3 IARPP enews Volume 10, Number 2 Fall 2011 Page 3 From the Editors Dear IARPP members, IARPP enews We are excited to present you with the September 2011 issue of the IARPP enews. This issue brings you the voices, impressions, and even aromas from IARPP s international conference, Changing Psychoanalysis for a Changing Society: Relational Perspectives, that was held in Madrid in June. More than 400 professionals from 25 countries took part in the conference. We hope that this issue will successfully convey to you the warm, cosmopolitan, creative, and challenging atmosphere that characterized the conference. Facilitated by the affectionate hospitality of co-chairs, Alejandro Ávila Espada and Ramon i Riera, and their organizing committee, the conference was professional and every detail attended to. In this issue you will also find: President s column by Spyros Orfanos Reflections of Madrid 2011 from the perspectives of conference organizers, presenters, and attendees. News stories about The Stephen A. Mitchell Author s Award, our 2011 winner, Lisa Cataldo for her paper Where God is Between Us: Religious Experience, Surrender, and the Third in Clinical Perspective and comments on the paper by Chana Ullman Updates on the activities of our international chapters Announcement from Muriel Dimen about the new book she edited, Culture In Mind: Psychoanalytic Studies, as well as an interview with a contributor, Orna Guralnik Information about the activities and mission of IARPP s emergent Relational Psychotherapy and Child and Adolescent Interest Group In addition, co-chairs, Margaret Black and Hazel Ipp, give us a first look at IARPP s tenth anniversary conference The Legacy of Stephen Mitchell: Sustaining Creativity in our Psychoanalytic Work. The conference will be held in New York City at the Roosevelt Hotel, March 1-4, It will express the excitement and the pride of IARPP s enormous contribution to the ongoing evolution of the relational approach since IARPP was established in 2001 by Stephen Mitchell and the founding group. The conference will celebrate the emergence of relational thought s decisive influence on psychotherapy, psychoanalysis, and society in general. Please look for more information about registration in this edition of the enews. We hope you enjoy this edition of the enews. And, as always, we welcome your feedback. Sally Rudoy, Editor Sharon Ziv-Beiman, Associate Editor Submissions or Letters to the Editor please contact Sally Rudoy by December 1, 2011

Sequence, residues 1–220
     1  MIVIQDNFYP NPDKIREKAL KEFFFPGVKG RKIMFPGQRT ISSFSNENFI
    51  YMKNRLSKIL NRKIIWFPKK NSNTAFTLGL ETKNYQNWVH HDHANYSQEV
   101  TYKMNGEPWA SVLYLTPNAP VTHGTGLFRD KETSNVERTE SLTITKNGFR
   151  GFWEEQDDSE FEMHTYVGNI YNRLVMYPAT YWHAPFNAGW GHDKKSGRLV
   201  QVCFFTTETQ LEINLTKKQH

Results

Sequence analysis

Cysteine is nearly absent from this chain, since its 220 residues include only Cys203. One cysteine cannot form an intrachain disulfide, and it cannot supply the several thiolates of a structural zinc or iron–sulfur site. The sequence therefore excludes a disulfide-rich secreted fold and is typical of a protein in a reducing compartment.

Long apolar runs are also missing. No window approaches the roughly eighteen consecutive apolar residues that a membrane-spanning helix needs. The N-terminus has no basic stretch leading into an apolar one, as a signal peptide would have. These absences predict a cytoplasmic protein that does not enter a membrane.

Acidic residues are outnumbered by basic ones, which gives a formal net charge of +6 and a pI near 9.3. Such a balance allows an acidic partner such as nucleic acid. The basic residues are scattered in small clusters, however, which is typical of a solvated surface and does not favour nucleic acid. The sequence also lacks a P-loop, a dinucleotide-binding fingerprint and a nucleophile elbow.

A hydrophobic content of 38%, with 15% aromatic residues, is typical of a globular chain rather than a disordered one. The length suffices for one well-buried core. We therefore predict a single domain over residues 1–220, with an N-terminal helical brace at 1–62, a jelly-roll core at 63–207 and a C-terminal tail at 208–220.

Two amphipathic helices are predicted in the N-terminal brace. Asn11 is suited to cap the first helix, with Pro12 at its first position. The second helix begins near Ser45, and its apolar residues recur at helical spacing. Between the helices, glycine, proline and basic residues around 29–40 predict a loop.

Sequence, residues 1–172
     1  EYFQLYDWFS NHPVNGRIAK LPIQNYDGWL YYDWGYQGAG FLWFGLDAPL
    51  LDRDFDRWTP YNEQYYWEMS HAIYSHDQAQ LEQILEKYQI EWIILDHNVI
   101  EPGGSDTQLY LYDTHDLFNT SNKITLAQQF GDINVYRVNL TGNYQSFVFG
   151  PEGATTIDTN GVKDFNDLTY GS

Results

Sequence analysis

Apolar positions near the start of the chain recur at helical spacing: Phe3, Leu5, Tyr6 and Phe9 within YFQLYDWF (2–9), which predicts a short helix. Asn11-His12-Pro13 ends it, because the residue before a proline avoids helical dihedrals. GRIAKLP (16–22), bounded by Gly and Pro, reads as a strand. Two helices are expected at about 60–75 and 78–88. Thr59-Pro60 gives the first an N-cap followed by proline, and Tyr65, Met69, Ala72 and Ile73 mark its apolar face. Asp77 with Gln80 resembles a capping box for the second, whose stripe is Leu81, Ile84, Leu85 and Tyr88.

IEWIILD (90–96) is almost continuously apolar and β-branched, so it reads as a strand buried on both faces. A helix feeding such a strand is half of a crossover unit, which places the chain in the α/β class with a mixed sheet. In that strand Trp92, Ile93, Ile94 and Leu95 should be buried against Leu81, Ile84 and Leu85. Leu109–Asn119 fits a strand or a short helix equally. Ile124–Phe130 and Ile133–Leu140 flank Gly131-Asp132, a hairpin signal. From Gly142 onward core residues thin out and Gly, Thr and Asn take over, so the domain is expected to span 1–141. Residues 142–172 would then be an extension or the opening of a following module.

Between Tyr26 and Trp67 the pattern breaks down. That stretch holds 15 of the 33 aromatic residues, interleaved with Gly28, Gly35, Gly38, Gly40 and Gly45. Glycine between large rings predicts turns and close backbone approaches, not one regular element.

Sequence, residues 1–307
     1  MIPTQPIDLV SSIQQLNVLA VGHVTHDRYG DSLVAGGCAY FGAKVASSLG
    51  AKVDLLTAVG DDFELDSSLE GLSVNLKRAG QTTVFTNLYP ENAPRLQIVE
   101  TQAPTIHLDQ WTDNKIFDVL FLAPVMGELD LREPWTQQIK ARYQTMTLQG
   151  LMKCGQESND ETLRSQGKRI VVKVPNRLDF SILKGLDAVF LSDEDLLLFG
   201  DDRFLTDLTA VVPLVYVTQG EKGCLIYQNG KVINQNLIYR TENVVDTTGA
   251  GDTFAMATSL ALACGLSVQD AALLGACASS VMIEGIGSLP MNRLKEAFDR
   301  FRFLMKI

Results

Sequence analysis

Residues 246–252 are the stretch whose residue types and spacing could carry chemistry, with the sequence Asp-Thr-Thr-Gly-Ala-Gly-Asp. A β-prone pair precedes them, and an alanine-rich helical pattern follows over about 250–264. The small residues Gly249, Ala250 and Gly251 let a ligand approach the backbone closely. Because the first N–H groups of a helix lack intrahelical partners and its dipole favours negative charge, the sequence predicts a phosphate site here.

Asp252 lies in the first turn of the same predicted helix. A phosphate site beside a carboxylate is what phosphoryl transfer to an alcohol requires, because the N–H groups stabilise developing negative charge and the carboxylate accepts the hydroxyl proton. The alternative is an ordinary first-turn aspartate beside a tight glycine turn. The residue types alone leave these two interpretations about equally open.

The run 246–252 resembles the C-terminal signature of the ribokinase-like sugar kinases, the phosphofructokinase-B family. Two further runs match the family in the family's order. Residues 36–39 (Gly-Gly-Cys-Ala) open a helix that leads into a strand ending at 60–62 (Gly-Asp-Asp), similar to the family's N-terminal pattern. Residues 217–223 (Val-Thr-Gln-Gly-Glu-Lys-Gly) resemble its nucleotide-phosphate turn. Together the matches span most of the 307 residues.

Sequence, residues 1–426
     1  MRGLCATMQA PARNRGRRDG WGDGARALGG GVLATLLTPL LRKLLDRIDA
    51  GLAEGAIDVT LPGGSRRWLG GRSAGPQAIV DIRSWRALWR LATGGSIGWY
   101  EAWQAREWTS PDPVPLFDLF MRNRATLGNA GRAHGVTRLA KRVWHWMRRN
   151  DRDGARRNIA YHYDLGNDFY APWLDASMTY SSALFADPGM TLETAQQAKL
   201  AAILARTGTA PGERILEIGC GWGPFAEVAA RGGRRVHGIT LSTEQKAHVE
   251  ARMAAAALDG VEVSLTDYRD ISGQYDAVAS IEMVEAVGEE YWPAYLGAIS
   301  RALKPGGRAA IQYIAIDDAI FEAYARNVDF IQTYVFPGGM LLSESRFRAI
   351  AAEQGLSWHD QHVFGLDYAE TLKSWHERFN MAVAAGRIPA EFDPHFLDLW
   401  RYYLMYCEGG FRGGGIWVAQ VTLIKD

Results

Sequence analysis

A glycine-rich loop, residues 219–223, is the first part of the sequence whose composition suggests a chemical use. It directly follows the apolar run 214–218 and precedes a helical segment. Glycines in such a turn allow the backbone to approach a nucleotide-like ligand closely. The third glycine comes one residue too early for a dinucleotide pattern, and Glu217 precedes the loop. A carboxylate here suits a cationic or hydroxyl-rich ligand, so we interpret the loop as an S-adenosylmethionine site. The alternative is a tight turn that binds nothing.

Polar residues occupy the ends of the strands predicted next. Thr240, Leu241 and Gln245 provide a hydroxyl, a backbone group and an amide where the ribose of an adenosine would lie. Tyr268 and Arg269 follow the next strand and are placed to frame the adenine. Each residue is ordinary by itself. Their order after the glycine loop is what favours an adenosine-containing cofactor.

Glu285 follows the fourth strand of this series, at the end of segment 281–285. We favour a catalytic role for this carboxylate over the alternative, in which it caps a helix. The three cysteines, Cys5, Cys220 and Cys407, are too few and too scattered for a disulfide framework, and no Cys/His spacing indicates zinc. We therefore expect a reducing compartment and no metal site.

4 IARPP enews Volume 10, Number 2 Fall 2011 Page 4 Reflections on Madrid Conference Alejandro Ávila-Espada co-chair, 2011 Madrid Conference versión en español Throughout my professional life of 35 years, I have had the opportunity to participate in the organization of many meetings, but none have had the unique characteristics of this IARPP conference. Rather than proposing one more space on the varied scene of psychoanalysis, we planned to create a meeting place for psychoanalysts and psychotherapists of different continents and languages where the intersubjective and relational sensitivity would join the question of the place psychoanalysis holds in contemporary society crossed in our daily practice as clinicians by the stresses of globalization and multiculturalism. And in large part, we have succeeded in this: to have this crucial debate live and direct. Psychoanalysis today is not a private or office matter, but rather, a constant question of the new tensions and sanctuaries of identity. 476 professionals from 25 countries (click here to see all the countries represented) contributed ideas and experiences and reflected on central clinical themes. Some of the themes that especially stood out were: T h e s t r a t e g i c r e f o r m u l a t i o n o f t h e psychotherapeutic process; The contributions of neuroscience, anthropology and social psychology; Questions that transcend gender; The multiple languages of Eros, sex and aggression; Work with people and their families in the community with disorganized social conditions and subjectivities; How different societies and cultures support psychoanalysis and deal with its practice and thereby transform it; How constant technological changes and the transformation of communication between people through social networks and other global media have taken subjectivity to a very different plane of intrasubjective intimacy unimagined from the origins of psychoanalysis. And, like the the exploration of the intersubjective level, the encounter between people provides a new dimension of experience and existence; and many more Along with the stresses and changes that come with globalization, questions about the place of spirituality and religion arose as part of the discussions, just as they arose about the human, social and professional María Eugenia Boetsch S. IARPP Chile s Executive Committee member. IARPP Candidates Committee member versión en español O n m y w a y f rom Santiago, Chile to the IARPP s annual conference in Madrid, Spain, I took a small detour to first visit Sevilla and Granada, two amazing cities filled with history, flavors and scents. I learned that Emir Muhammad XII surrendered Granada (the last Arabic bastion) to Fernando II and Isabel I, (Los Reyes Católicos) in This was the same year and place where it is said that Cristobal Colón received from the Queen the support to make his first trip to what would be America. What a year, what a place, what a change... Changing psychoanalysis for a Changing Society, our conference topic. Changing without destroying -- Granada s beauty relies on the Spanish preservation of the beautiful Moroccan architecture (for example the amazing Alhambra) giving them new functions. This was possible because the Muslims surrendered and gave the city keys. To change, to surrender, to preserve, to give new functions: all necessary and difficult tasks in our complex profession that I was hoping to address and discuss in Madrid. Once there, as a member of the IARPP s Candidates Committee, my first congress activity was a relaxed and friendly candidates reception. With good drinks and tasty appetizers the old met the new (and some of us meet again). The only bad thing: after all I heard about the pre-conference workshops, I felt a little remorseful at having missed them Oh well, can t have it all. At the opening plenary Carlos Rodriguez Sutil, Azucena Keatley and Alejandro Ávila Espada talked about psychoanalysis in relation to icons of the Spanish cultural psyche such as Velázquez, Picasso, Goya and Pedro Almodóvar. Then we turned around, literally, to enjoy Lina Orfanos s beautiful voice singing, Amor Oscuro: The Poetry of Federico García Lorca accompanied by Dimitris Maramis s piano. The day ended up with an even more generous welcome cocktail for everybody. It was a wonderful start, and I was quite impressed, not only by the lectures and discussions, but also by the overall organization. On the days that followed we had the chance to listen to profound and insightful lectures, papers and Continued on page 6 Continued on page 6